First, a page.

While using a mobile phone whilst driving is well understood to be dangerous and well publicised (not that anyone takes any notice), the message does not seem to be directed at other modes of transport like walking or cycling which can be just as dangerous.
According to an AA/Populus poll of 24,070 members, almost three quarters (72%) of drivers often see pedestrians step into the road whilst distracted by their phone with a similar number using headphones. Pedestrian phone distraction is most likely in London (80%) but other regions are not that far behind.
Abroad, special ‘text walking lanes’ have been introduced in Antwerp, Belgium and in San Francisco some parks have been designated phone-free areas. A US study quoted in the BMJ, showed a three-fold increase in the number of deaths involving pedestrians wearing headphones.
Here in the UK pedestrians accounted for three quarters of the increase in fatalities in Great Britain between 2013 and 2014. Pedestrian fatalities increased by 12 per cent from 398 in 2013 to 446 in 2014, according to Government figures.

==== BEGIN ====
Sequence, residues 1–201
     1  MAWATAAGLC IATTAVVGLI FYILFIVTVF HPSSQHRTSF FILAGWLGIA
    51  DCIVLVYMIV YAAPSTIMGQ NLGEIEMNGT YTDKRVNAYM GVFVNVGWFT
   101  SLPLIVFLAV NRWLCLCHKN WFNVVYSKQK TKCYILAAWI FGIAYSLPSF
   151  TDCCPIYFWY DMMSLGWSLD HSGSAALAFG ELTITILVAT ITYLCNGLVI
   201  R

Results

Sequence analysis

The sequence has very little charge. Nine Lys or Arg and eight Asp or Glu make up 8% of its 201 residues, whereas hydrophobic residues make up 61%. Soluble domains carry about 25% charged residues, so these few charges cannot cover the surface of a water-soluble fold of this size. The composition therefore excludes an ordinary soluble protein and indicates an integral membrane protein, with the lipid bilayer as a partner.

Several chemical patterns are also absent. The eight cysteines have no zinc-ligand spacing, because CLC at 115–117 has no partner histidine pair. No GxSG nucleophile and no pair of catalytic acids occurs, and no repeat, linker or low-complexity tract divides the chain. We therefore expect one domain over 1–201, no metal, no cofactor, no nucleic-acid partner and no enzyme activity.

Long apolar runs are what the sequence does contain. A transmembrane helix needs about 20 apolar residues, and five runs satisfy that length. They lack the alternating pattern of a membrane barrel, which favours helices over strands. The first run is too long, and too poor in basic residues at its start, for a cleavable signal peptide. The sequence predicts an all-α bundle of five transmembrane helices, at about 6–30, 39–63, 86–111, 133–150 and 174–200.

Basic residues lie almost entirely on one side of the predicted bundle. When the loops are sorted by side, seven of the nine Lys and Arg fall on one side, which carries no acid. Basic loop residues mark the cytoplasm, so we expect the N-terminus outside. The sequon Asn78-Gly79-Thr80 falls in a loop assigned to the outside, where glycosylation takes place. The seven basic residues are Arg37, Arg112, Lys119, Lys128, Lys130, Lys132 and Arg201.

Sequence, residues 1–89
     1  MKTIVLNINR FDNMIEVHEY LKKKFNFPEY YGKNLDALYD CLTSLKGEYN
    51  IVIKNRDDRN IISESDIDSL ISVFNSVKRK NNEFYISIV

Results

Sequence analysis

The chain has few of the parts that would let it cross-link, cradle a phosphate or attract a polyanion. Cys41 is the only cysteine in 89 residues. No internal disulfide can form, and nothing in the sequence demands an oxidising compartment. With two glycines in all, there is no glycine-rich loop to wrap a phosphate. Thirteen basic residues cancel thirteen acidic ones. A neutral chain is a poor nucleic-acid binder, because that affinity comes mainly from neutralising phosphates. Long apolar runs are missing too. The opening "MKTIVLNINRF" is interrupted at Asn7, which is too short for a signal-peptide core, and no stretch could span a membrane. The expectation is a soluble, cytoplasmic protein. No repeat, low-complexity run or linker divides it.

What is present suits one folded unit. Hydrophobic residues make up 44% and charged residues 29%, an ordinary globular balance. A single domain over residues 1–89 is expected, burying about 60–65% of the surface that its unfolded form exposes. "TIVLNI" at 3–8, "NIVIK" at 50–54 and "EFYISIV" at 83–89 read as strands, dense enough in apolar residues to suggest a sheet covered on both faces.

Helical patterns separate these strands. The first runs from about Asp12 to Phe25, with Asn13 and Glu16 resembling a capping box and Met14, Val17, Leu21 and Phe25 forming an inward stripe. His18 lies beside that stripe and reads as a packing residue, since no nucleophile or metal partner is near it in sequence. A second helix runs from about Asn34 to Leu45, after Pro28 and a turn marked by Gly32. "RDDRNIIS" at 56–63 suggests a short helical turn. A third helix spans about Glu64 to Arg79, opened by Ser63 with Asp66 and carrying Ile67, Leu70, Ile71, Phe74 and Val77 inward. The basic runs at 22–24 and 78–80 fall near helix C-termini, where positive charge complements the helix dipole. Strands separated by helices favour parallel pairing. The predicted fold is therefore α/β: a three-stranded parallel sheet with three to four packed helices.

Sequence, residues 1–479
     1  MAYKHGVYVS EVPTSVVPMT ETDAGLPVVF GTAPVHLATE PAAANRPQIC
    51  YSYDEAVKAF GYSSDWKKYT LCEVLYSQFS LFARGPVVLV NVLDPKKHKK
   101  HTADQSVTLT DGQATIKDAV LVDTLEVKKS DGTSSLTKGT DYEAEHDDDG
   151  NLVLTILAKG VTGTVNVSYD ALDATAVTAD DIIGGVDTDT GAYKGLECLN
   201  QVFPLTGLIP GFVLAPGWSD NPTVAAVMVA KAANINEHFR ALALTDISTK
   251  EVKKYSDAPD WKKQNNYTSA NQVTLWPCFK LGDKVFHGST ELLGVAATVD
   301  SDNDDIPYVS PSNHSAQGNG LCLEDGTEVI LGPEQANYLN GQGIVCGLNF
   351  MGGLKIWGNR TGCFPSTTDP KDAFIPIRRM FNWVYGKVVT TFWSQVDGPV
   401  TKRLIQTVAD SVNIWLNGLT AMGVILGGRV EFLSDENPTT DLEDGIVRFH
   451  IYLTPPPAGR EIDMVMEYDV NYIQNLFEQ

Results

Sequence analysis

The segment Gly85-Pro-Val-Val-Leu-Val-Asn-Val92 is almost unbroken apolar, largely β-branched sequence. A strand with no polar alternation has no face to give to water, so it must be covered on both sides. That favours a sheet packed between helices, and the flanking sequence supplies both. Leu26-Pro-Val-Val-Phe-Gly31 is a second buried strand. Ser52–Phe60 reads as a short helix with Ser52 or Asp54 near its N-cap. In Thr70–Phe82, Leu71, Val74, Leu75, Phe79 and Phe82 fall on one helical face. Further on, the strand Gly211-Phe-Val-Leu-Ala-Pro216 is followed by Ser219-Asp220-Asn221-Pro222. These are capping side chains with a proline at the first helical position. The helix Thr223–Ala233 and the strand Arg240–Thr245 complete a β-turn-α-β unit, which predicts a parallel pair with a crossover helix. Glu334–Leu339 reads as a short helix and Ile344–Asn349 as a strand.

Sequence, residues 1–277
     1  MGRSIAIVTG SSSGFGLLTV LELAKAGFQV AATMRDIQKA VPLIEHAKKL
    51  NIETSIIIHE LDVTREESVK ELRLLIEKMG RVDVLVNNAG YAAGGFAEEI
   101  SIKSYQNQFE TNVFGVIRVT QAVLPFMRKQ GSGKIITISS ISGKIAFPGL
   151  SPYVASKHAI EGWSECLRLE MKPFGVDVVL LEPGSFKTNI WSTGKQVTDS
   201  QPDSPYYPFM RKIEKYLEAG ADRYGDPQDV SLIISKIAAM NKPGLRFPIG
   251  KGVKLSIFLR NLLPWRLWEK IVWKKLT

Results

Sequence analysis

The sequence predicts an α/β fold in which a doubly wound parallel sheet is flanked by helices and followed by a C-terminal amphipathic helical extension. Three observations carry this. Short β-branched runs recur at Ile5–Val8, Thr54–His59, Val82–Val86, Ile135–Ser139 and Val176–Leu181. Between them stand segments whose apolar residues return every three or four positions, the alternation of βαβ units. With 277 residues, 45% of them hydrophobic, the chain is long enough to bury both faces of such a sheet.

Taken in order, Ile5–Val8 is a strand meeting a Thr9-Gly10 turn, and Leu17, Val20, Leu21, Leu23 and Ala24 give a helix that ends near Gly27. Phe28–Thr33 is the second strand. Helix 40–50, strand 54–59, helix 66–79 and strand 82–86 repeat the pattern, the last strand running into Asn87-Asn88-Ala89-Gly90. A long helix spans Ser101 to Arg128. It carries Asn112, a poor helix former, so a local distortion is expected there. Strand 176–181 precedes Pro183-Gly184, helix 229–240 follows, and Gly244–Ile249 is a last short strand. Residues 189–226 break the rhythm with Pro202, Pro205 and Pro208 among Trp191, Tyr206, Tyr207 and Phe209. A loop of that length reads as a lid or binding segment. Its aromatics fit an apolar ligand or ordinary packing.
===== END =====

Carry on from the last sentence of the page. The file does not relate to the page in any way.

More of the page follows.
AA patrols have also reported an increase in the number of 'zombie pedestrians' and joggers oblivious to traffic around them as they cross busy roads. It is thought that pedestrians’ lack of attention may be a factor in some of the 446 pedestrian deaths in 2014. Previous analysis from AA Insurance shows that pedestrian 'inattention' could be the cause of 17 collisions each day.
More than half of AA Insurance claims involving a pedestrian include causes such as:
- Person on phone stepped out, wasn’t looking
- Pedestrian just walked out
- She looked the wrong way
- He walked into the side of the car
Edmund King OBE, AA president, said: “We can’t stop the march of technology but we need to halt the pedestrian, cycle and driver zombies. Whether on two feet, two wheels or four, too many people are suffering from Smartphone Oblivion.
“When on the move our brains have much to take in and using technological gadgets means that we can’t always concentrate on so many things at once.
“This is when we walk into traffic; don’t hear the truck or drive cocooned from the outside world.
” Our research suggests this problem is growing so we all need to use common sense to ensure that technological cocooning doesn’t endanger our lives or the lives of others.”
The AA advises drivers not to wear headphones at the wheel and to be extra alert and slowdown in areas frequented by pedestrians and cyclists. The AA also advises those that use headphones or earphones on the streets to ensure that the volume does not override their other senses.